The resolutions many enterprise executives made for the new year likely involved driving new efficiencies.
Having navigated the various challenges of 2023’s shifting macroeconomic climate, organizations across sectors are increasingly turning their focus toward making changes to become more efficient and work better, and to align their resources to their biggest go-forward priorities.
Agility and efficiency are key drivers of success. The integration of artificial intelligence has become widespread, as the technology can optimize resource allocation and help meet evolving customer demands.
The tech companies responsible for training and building the world’s most capable AI systems are in the same boat as the firms looking to use and deploy them. They too need to reallocate resources to core initiatives.
Google is reportedly laying off hundreds of workers in its ongoing cost-cutting campaign, eliminating positions in its voice assistant business, as well as hundreds more jobs among the hardware team behind its Pixel, Nest and Fitbit products, as it looks to focus on AI.
The paramount importance of staying at the forefront of technological advancements to ensure sustained growth and competitiveness is playing a role in some of these enterprise reorganizations.
PYMNTS Intelligence’s report “Understanding the Future of Generative Al” found that enterprise AI systems could impact 40% of all working hours.
How firms best capture that impact ultimately depends on whether and where AI systems can deliver a better return on investment than existing options.
Training and support resources will need to be provided to help users transition to new AI systems. Those who see AI as a replacement for human labor rather than as a labor-saving device could risk making themselves vulnerable to savvier competition.
AI-powered systems can analyze and streamline workflows, reducing manual intervention and enhancing the speed and accuracy of processes, even going so far as to assess employee skills and match them with specific project requirements.
PYMNTS Intelligence found that 56% of consumers who feel optimistic about the impact of AI on their work-life balance believe AI will save them time. Forty-six percent of consumers who feel at least a little optimistic about the impact of AI on their work-life balance believe AI will reduce errors, while 35% believe that AI will help them communicate with others more easily.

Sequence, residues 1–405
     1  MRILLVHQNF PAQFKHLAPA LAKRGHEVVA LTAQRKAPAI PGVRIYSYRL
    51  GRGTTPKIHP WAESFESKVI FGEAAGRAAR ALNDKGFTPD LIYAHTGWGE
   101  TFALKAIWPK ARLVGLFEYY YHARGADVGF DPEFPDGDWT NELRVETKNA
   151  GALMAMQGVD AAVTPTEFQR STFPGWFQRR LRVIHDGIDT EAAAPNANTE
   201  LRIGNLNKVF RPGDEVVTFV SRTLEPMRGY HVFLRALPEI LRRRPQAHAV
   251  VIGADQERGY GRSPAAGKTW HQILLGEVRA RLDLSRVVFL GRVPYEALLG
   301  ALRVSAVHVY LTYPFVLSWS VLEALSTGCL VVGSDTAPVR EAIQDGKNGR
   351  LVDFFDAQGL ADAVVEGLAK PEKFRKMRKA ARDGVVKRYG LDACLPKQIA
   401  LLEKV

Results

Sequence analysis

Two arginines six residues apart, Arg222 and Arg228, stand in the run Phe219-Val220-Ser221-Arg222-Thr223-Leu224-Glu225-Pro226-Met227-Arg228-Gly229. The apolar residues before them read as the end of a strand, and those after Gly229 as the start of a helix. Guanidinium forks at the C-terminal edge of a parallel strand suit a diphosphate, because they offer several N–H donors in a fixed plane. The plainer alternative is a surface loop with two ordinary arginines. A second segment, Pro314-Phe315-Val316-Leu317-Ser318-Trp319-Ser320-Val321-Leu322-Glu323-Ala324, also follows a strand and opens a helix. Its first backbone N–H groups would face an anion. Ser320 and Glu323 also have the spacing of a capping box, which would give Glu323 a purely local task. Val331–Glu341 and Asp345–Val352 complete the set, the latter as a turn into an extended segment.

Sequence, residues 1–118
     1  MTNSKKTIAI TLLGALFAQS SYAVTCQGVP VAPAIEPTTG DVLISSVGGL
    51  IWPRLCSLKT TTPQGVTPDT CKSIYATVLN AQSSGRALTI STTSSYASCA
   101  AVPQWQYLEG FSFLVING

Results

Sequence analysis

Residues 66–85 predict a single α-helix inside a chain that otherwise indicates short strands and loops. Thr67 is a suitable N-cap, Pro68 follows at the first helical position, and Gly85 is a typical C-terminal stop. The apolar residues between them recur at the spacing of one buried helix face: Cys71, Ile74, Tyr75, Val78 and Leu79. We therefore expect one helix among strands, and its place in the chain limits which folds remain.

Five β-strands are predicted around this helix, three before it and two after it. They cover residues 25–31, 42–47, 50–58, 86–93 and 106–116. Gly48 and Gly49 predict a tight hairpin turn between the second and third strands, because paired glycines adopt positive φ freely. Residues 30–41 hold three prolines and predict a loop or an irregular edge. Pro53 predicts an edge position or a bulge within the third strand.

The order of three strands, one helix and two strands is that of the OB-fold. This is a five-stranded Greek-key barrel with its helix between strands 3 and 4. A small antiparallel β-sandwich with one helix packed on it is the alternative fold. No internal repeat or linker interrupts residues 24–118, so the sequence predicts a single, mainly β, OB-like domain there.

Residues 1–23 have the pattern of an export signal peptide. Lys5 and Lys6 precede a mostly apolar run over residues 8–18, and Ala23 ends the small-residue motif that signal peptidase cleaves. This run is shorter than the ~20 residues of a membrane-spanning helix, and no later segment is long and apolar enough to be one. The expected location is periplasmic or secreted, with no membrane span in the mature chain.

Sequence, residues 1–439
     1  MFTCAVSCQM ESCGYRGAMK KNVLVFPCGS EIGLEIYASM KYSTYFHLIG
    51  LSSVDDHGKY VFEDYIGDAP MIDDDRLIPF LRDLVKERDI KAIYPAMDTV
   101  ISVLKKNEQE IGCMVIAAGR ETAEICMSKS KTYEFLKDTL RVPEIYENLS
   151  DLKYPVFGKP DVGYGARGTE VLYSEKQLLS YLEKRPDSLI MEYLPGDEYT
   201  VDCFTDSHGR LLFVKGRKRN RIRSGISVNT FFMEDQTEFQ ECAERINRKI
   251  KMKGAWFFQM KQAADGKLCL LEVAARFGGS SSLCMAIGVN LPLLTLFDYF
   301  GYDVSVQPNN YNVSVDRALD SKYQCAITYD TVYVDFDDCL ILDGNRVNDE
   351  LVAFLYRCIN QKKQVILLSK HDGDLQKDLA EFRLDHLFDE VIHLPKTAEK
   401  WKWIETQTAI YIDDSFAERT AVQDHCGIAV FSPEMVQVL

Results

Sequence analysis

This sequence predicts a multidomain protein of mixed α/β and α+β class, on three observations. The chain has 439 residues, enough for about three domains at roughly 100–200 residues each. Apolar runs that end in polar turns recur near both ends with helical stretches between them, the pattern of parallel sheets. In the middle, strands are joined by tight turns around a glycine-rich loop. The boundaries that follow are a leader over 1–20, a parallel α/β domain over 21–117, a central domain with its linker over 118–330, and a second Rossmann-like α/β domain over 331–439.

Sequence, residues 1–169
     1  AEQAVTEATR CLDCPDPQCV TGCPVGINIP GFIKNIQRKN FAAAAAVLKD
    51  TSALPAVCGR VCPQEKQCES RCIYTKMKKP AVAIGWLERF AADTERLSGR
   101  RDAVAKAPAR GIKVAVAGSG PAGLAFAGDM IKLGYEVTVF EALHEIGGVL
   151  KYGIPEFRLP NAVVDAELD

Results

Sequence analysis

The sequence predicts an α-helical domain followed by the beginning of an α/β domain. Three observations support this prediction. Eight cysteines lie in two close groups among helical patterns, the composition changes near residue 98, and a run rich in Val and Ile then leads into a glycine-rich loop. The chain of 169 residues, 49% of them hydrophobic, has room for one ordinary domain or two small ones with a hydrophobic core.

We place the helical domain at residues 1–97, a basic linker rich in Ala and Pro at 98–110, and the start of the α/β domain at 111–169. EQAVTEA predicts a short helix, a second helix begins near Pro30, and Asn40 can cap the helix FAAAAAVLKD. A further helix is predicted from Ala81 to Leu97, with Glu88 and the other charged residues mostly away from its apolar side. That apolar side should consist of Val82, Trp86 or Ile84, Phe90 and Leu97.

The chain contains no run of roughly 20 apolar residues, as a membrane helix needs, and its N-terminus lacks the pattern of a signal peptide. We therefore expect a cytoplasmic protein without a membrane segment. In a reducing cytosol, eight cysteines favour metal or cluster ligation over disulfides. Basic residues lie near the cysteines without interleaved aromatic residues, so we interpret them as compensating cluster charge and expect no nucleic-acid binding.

Still, AI doesn’t represent a silver-bullet solution to long-standing woes that may have plagued enterprise processes. After all, automating an existing inefficiency won’t make that workflow any less inefficient.
“Firms need to look at [transforming their existing processes] as a kind of crawl-walk-run mentality to get to where they need to go,” Corcentric CEO Matt Clark told PYMNTS in an interview posted in June.
Many of the areas where AI technology can have an immediate, easy-win impact include the treasury department and the payments environment by helping firms automate billing and accounting reconciliations, and update customer relationship management and enterprise resource planning systems in real time without the need for manual intervention.
As Karandeep Anand, chief product officer at Brex, told PYMNTS in August: “If you can even save some eight- or 10-people’s worth of work at the end of the quarter and finish and close the books within 24 to 48 hours [using AI], that is priceless.”
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